“We have also discovered that bringing an alternative that is cheaper than even firewood which is CNG, will not only create relief for the government and its citizens but it is environmentally friendly.
“The CNG is abundantly available in Nigeria than anywhere in Africa.
“In the Niger Delta region, you see billions of tonnes of gas flare being wasted daily, these are huge amounts that should be accruing to our GDP, but we are wasting it because there is no market for it.
“So, we are asking the government to create the market. How do you create the market?
“What Egypt and India did was to give soft loans to be paid back within stipulated periods; from there, you can get vehicles to use gas instead of fuel,” he said.
“There’s a franchise for the bottling of CNG so that an average woman in the kitchen can use it,’’ he added, noting that the introduction of CNG would cushion the effect occasioned by the high price of fuel currently as a litre of CNG would not cost more than N130.
He advised that repairing the local refineries as well would reduce the impact of the removal as it would eliminate the cost of importation and exportation.
Nigeria Upgrades Tax-to-GDP Ratio to 10.86% From 6%
By Modupe Gbadeyanka
The National Bureau of Statistics (NBS) has disclosed that Nigeria’s tax to Gross Domestic Product (GDP) ratio has been upwardly reviewed to 10.86 per cent from the 6 per cent earlier reported to reflect better data sources and improved estimation using the Organisation for Economic Co-operation and Development (OECD) manual.
The OECD manual is an improvement over the System of National Accounts (SNA 2008) classification of taxes.
Although the System of National Accounts conceptual framework and its definitions of the various sectors of the economy are reflected in the OECD’s classification of taxes, the OECD classifications provide the maximum disaggregation of statistical data on what is generally regarded as taxes by tax administrations.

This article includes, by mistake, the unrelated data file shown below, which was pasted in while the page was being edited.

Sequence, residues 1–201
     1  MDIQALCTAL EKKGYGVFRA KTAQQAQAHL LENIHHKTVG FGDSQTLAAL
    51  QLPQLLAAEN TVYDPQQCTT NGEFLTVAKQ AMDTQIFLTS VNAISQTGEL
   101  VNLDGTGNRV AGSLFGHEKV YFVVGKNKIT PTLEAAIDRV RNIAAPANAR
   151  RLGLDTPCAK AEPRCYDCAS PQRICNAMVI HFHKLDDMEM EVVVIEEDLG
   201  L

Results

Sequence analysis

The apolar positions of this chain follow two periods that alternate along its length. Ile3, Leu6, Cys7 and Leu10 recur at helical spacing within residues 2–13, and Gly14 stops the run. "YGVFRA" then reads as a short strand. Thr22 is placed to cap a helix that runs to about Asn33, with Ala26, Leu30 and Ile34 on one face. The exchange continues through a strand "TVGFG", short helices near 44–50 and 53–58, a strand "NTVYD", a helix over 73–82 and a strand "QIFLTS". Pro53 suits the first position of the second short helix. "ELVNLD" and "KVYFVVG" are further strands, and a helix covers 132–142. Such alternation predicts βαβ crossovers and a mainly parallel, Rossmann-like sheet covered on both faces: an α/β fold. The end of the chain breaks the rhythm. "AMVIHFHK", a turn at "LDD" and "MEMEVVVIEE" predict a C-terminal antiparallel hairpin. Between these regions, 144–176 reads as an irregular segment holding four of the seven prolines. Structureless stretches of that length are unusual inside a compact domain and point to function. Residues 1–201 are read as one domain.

In a disclosure, the statistics office said the country’s total tax revenue compared with its GDP was at that level in 2021, higher than 8.40 per cent in 2020, which was impacted by the COVID-19 pandemic.
In the previous year, the ratio was 10.20 per cent, marginally lower than the 10.36 per cent recorded in 2018 but higher than the 9.02 per cent in 2017.
The NBS said the revised computation considered more comprehensive coverage of data at the federal, state, and local government levels and revenue items not previously included in the computations, particularly relevant revenue collected by other government agencies.
The review of the tax-to-GDP ratio was initiated by the Federal Inland Revenue Service, which collaborated with the Federal Ministry of Finance and the NBS for better measurement of the ratio.
The data used were sourced from the Office of the Accountant General of the Federation (OAGF), FIRS, NBS, the Nigeria Customs Service (NCS), the Joint Tax Board (JTB), and other relevant agencies of government that collect revenue.
VFD Group Intends to Join Nigerian Exchange
By Adedapo Adesanya
VFD Group Plc has announced its intention to list its shares on the Nigerian Exchange Group (NGX) to allow it to gain access to public equity markets, increase its visibility, and strengthen its financial position.
VFD Group Plc is a leading proprietary investment company with a proven track record of generating attractive returns for its investors through a variety of investment strategies.
The company has a diverse portfolio of investments in various sectors, including banking, technology, media, energy, and real estate. The group has been listed on the NASD OTC Securities Exchange since 2020.
Speaking on this big step, Mr Nonso Okpala, Group Managing Director of VFD Group, stated, “We are excited to take this next step in the evolution of our company.”
“Listing on a major stock exchange will give us access to a larger pool of investors, enhance our profile, and provide superior returns to our investors,” he added.
However, its listing on the NGX is subject to regulatory approvals and market conditions.
VFD Group noted that it would provide additional updates as the listing process progresses.
At the close of business on Tuesday, the securities of the organisation closed on the NASD OTC exchange at N244.88 per unit, the same rate they finished in the preceding trading session.
Business Post reports that the NASD was created to provide an avenue for public companies to transition smoothly into the country’s main stock exchange.
However, it has witnessed the movement of firms from the NGX to the NASD, especially due to the very strict regulatory requirements of the former.